Millions of people around the world suffer from diabetes, but until the 1920s there was no treatment for it.
Sir Frederick Banting was a Canadian scientist whose pioneering work using insulin to treat diabetes earned him the Nobel prize. He only lived to be 49 but on November 14 – what would have been his 125th birthday – Google has celebrated him with a commemorative Doodle.
November 14 is also World Diabetes Day.
How does insulin work?
For your body to use glucose, the fuel that comes from carbohydrates, it must be transferred from the blood to your body’s cells to be used up as energy.
The vital hormone that allows glucose to enter cells is called insulin and it is normally produced naturally in the pancreas. If this process doesn’t happen, the level of sugar in the blood becomes too high.
Being unable to naturally produce insulin is the disease known as diabetes. More than 4 million people in the UK are diagnosed with it, and it is a major cause of kidney failure, heart attacks and blindness.
Who was Sir Frederick Banting?
Frederick Banting was born on November 14 1891 in Alliston, a settlement in the Canadian province of Ontario. He served in the First World War despite initially being refused while in medical school for poor eyesight since the army wanted more doctors on the front line.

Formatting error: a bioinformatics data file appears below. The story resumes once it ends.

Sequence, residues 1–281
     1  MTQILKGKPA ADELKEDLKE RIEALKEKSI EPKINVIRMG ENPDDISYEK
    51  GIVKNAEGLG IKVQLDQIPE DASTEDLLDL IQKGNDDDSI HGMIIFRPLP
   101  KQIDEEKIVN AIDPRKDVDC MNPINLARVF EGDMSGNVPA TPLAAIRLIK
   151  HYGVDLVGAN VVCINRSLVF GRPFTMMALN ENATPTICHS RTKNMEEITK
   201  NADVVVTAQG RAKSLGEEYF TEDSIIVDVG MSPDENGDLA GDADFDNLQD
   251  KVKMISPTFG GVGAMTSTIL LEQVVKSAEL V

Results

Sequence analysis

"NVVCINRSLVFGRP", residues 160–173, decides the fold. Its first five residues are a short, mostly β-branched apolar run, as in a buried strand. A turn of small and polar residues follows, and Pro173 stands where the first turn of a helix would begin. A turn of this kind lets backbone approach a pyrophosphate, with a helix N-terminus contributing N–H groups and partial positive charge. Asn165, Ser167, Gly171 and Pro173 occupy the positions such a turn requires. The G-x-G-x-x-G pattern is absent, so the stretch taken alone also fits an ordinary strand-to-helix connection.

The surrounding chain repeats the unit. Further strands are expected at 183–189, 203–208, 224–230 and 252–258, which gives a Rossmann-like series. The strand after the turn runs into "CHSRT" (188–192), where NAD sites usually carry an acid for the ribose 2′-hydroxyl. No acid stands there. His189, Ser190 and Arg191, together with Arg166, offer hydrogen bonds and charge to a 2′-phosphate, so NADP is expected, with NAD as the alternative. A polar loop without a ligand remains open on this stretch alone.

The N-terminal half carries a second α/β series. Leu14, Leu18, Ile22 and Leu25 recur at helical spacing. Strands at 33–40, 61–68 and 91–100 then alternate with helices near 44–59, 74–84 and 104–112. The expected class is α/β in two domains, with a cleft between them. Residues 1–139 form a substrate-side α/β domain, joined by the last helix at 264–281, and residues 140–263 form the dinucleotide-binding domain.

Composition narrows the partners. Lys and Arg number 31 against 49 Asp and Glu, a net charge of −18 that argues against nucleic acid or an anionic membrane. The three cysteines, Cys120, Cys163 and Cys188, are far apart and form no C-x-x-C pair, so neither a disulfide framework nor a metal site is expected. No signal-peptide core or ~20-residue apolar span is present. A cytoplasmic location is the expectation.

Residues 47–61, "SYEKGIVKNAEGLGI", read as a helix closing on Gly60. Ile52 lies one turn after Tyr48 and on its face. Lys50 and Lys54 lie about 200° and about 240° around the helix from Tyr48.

After the war, Sir Frederick had become deeply interested in diabetes and the pancreas, reading much of the work on the matter that had come before him.
Scientists including Edward Schafer had speculated that diabetes was caused by a lack of a protein hormone produced in the pancreas, which Schafer had named insulin. Previous studies had noted that patients with diabetes had a damaged pancreas.
How insulin came to treat humans
Sir Frederick got to work on looking into the matter further and in 1921 the University of Toronto gave him 10 dogs on which to practise. On one dog, the pancreas was removed, resulting in it getting diabetes.
On another test subject, Sir Frederick removed the dog’s pancreas but ground the pancreas up and created an injection. Giving the diabetic dog a few injections a day kept it healthy.
In 1922, a 14-year-old boy named Leonard Thompson became the first person with diabetes to be treated with insulin, and ended up recovering rapidly. Many other patients responded well to insulin injections.
Soon after the medical company Eli Lilling began producing large-scale quantities of insulin.
Nobel Prize recognition
The discovery of the drug was seen as a miracle, saving millions of lives. The Nobel Prize in Physiology or Medicine was awarded to Sir Frederick and John Macleod, who had helped the research get funded, in 1923. King George V knighted Sir Frederick in 1934.